Monday, August 01, 2005

Praying With our Eyes Wide Open. Proper A12 Sermon July 24

Paul states in today’s passage that there’s nothing that separates us from the love of God. Nothing stands between us. God’s Love is consistently emenating toward us. This is why I accentuate the Holy Spirit as the “Breath of God” in my own thinking and prayer life, and why you’ve heard so much about it from me. For many of us, it is a re-orientation of thinking to perceive of God’s Spirit as something that is as tangible and present to us as the very air we breathe. But, our Scriptures point us in this direction, the Psalmist writes that “as God give us breath, we have life, and when God takes back that Breath, our life is taken back into God.” For me, envisioning my life as a “Breath of God” has been an enriching insight. There’s a Muslim saying that God is closer to us than our jugular vein. That is both a comforting thought and an uncomfortable thought. Perhaps the association with the “jugular vein” makes things a little uneasy. It makes me think that my life is entirely my own….well, perhaps that’s the point!
Paul begins today’s passage by saying that even though we don’t know how to pray, this Spirit, this Breath of Life, seemingly enters into our lungs and prays “with sighs too deep for words.” It doesn’t matter that we may get caught up in our own needs and wants and prejudices and errors in our prayer life. God knows what we need, and God’s Spirit interacts with us so deeply, so intensely, that our prayers are influenced by the inaudible “sighs of the Spirit” even if we aren’t aware.
Something I told the VBS this week stayed in my mind for a while, it jumped around in my heart a little, and from these stirrings, I reckon it must be something that I should share with us as a congregation as well.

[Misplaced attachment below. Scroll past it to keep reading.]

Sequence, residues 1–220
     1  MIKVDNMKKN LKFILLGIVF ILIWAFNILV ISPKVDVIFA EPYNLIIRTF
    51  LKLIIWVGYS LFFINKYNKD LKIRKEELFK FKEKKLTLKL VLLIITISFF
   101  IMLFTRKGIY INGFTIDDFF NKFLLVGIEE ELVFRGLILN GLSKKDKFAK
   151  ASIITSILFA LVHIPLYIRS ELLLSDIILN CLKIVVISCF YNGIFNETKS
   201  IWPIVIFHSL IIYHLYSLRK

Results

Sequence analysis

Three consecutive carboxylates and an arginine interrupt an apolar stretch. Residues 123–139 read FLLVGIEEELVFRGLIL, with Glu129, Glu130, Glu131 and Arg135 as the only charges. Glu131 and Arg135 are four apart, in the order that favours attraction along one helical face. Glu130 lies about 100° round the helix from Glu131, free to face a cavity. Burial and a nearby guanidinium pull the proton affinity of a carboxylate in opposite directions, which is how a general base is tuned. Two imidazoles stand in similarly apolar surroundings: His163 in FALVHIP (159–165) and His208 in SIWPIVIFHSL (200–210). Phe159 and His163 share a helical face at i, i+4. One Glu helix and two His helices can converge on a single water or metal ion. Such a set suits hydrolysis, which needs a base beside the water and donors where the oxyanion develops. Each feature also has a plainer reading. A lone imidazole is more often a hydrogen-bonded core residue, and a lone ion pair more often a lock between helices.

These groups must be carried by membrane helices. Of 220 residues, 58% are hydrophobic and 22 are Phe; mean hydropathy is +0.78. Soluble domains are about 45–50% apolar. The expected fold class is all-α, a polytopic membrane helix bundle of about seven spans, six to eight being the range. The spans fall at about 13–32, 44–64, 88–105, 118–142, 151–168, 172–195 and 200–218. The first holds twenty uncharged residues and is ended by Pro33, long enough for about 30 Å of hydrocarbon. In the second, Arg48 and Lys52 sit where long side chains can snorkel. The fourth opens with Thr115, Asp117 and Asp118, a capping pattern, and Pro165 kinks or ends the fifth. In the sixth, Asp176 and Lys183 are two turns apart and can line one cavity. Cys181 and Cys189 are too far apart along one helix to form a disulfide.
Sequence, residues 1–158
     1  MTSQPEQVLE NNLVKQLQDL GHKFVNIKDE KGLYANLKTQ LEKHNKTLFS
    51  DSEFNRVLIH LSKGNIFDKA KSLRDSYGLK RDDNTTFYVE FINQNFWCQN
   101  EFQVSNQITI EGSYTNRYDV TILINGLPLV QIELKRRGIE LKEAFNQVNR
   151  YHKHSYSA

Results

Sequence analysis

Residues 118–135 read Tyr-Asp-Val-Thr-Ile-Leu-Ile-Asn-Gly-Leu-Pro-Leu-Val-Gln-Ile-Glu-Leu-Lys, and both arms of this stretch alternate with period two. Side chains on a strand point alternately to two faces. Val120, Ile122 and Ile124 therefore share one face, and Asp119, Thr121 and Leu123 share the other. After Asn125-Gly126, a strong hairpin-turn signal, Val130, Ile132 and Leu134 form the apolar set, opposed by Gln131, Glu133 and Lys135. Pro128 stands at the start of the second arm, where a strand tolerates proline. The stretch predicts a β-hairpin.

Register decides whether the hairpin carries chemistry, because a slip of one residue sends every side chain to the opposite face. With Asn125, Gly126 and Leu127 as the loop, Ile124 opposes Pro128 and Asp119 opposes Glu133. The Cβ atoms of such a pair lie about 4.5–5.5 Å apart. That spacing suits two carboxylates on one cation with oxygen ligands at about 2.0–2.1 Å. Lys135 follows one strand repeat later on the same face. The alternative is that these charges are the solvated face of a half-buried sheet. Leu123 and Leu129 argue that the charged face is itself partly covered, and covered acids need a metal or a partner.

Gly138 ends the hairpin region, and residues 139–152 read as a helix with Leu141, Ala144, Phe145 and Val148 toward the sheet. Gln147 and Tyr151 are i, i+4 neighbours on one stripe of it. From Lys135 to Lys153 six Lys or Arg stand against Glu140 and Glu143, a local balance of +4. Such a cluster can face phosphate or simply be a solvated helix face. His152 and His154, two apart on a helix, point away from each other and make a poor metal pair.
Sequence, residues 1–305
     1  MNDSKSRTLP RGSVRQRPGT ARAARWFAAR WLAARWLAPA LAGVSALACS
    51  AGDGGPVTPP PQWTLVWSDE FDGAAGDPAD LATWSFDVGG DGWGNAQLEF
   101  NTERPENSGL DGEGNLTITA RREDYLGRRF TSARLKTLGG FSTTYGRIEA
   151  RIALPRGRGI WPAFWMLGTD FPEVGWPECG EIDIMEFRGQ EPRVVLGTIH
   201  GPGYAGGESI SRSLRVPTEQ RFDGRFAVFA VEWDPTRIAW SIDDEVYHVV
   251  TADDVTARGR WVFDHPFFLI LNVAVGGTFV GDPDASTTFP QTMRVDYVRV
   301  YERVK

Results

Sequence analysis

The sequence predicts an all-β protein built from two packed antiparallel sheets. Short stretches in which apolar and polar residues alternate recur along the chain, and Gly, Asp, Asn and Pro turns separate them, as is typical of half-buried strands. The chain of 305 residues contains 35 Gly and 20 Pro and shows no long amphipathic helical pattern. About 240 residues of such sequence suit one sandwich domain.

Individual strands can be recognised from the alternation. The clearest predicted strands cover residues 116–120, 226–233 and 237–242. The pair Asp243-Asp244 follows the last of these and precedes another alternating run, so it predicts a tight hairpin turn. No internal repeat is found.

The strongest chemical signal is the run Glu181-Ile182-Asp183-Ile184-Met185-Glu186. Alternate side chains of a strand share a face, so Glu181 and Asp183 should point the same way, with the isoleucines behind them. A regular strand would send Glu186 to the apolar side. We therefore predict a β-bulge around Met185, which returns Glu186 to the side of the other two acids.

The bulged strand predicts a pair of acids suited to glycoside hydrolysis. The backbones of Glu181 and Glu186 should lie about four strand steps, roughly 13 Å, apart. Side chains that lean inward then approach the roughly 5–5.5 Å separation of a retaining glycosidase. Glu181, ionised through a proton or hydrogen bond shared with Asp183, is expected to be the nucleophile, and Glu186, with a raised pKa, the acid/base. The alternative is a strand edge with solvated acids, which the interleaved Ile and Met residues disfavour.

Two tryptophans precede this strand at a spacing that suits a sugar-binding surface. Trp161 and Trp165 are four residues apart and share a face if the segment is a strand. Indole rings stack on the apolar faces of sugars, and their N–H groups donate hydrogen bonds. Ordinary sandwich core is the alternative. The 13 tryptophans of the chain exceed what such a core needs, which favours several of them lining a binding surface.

I asked the kids if we were supposed to pray in a certain posture, and was met with a resounding “NO!” It is good that the children have a sense of what is important to God, and prayer posture certainly isn’t it. It may be important for us to have a certain way to pray so that we can prepare ourselves for being with God in a communicative way.
Some may pray with hands open in front, some may pray with elbows on knees hunched. When we are children, we are usually taught to pray with our hands folded and eyes closed. I explained to the children that we are probably taught this way so that we can shut off the racing of our minds and concentrate on what God has to say to us. There is certainly a use for this kind of prayer, and it has been the dominant form of prayer in our church. If not hands folded, then certainly eyes shut. We are so accustomed to this form of praryer, that usually we preface our prayers with “Will you bow with me in prayer?” It has become our custom to pray in this way.
Yet, if we think of things a little differently, if we allow our “custom” to be flexible in some way, it may give the Spirit enough room in our life of prayer to get in there and shake things up a bit. (That is after all what the Spirit likes to do). Perhaps we may even be able to attune our ears to the “sighs too deep for words”
I remember what a revelation it was to me when I was a teenager and heard or read somewhere that Native Americans pray with their eyes open instead of closed. Now, whatever source it was that I got this information was certainly generalizing—of course there are Native Americans who pray with their eyes closed. I’ve seen a lot of United Methodist Native Americans praying just like most United Methodists, in the familiar head down, shut eyes fashion. But, traditionally, so I’m told, in the native spirituality of the Native peoples, prayer is an eyes open type of experience because it is an acknowledgement of the Great Spirit’s presence in the things that surround us.
In many Indian cultures, God is experienced in the Rain, in the Mountains, in the Wind, in the Animals we come into contact with. It was probably this sense of the Sacred in the World around us that confused many of the Christian pioneers who came into contact with the Native Peoples and decided they needed to be missionized. I agree that we as a Christian church had something very special and enriching in the Gospel to share with the Native Americans, but at that time, the Spirituality that we Christians were wanting to give to the Native peoples was a very “closed eyes” kind of faith. Perhaps God’s intention was not only for us to share our love of the Gospel with the Native People, but perhaps it was also to let the Native people share their worldview with us as well!